2½ – 3 lbs. boneless, skin-on, pork belly
1 medium onion, chopped
2 stalks lemon grass, chopped
4 cloves garlic, sliced
4 sprigs fresh oregano
4 sprigs fresh thyme
3 bay leaves
½ cup water
1 cup salt
The day before you plan to roast your pork belly, wash it in cold water and dry it very well with paper towels. Then put it on a platter, skin side up, and place the pork, uncovered, in the fridge to dry overnight.
The next day, take a long sheet of foil, fold it in half so you have a double thickness, and press it into your roasting pan.
Lay a bed of chopped onions, lemon grass, and garlic on the foil, then place the oregano, thyme and bay leaves on top. These are your aromatics. If you’re not sure how to work with lemon grass, you can read about it here.
Place the pork belly, skin side up, directly on top of the aromatics in the pan.
Look at your pork belly skin. If one portion of it seems to dip lower than the rest, take a piece of foil, scrunch it up, and tuck it under the lower part to raise it. You want the skin on top to be as level as possible so that it crisps evenly. (I learned that the hard way after the sides of my pork belly starting browning faster than the center portion which was lower.)
Pull up the foil to enclose the bottom and sides of the pork belly, pinching the corners to fit the foil around the meat. Leave the top open to expose the skin.
Carefully pour water against the foil along one side of the pork belly so it runs underneath the meat and mixes with the aromatics. This helps keep the aromatics from burning. If any water gets on the skin, dry it quickly with a paper towel.
Pour the salt on top of the skin and pat it smooth to make a salt crust.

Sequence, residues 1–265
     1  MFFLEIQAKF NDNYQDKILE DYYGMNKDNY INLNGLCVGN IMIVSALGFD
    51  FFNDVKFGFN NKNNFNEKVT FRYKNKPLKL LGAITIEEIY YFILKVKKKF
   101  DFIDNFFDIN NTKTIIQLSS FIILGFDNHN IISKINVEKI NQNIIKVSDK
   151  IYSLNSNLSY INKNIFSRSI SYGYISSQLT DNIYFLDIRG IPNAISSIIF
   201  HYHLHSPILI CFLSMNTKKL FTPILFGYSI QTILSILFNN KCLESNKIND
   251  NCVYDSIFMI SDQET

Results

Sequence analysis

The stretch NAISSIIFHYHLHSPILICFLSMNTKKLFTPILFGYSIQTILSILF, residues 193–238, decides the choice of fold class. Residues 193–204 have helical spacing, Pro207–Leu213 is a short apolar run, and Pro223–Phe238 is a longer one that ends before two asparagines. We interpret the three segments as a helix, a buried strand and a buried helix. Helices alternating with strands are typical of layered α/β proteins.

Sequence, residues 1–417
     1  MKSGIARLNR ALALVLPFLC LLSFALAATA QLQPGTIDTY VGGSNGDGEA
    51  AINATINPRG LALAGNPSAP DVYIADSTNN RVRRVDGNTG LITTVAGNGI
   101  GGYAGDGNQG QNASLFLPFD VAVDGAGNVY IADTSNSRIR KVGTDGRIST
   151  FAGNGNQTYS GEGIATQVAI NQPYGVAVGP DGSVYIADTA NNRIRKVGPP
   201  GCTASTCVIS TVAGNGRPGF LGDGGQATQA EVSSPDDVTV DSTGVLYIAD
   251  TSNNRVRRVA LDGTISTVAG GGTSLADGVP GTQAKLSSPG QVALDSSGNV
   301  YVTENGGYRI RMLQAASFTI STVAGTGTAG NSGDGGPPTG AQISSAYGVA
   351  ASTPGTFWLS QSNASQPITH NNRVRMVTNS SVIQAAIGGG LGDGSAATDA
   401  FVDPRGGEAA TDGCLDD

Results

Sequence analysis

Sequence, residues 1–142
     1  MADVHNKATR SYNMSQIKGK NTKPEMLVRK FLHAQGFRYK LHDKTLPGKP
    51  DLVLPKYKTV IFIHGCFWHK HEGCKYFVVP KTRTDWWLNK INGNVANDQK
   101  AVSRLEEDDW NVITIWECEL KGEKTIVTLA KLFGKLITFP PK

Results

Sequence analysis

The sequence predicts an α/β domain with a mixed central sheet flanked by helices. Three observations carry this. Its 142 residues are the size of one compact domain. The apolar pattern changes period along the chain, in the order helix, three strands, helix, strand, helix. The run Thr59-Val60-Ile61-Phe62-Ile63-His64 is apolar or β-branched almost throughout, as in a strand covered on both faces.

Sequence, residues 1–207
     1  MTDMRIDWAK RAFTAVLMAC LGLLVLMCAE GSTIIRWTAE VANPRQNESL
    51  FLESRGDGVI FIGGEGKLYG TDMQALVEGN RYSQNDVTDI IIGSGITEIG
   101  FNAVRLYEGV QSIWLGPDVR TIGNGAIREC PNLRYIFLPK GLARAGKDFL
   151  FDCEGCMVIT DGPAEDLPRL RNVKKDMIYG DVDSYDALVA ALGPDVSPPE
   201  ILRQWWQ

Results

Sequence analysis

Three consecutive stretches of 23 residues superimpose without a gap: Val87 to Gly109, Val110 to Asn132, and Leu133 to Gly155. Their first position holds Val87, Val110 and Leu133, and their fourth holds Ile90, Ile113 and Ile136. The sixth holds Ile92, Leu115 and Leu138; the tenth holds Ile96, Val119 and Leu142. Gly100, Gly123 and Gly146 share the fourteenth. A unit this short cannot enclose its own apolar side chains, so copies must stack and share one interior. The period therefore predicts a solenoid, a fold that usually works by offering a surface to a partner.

Bake at 350ºF for 1½ hours. Remove from oven and raise oven temperature to 425ºF. Pull foil open to expose the sides of the pork.
Using a pair of tongs, carefully lift off and discard salt crust.
Usually, the salt crust lifts off in one piece. If it breaks like mine did, don’t worry about it. Just throw away the broken piece and carefully remove what’s left.
After discarding the salt crust, pick up the pork belly with the tongs, hold it over your sink, and brush off any excess salt that may have spilled onto the skin.
Place a wire rack over the pan and place the pork belly on the rack.
Return pork to oven and bake an additional 30 minutes more.
Turn off oven, turn on broiler to low, and broil for about 15-20 minutes or until skin is completely puffed up and golden brown all over. Watch carefully that it doesn’t burn!
Slice into 3/4-inch strips. Then cut the strips crosswise into 1-inch pieces and serve.
Hamburger sandwiches are not native to the Philippines. That being said, hamburger joints abound everywhere and we ate burgers all the time growing up. But when it came to making burgers at home, unlike American burgers which are usually plain meat patties simply seasoned with salt and pepper, our cook would add all kinds of stuff to our burgers and boy were they good! Give this recipe a try and you’ll see what I mean.
In a bowl, combine beef, pork, onion, bread crumbs, milk, egg, soy sauce, worcestershire sauce, salt, and pepper.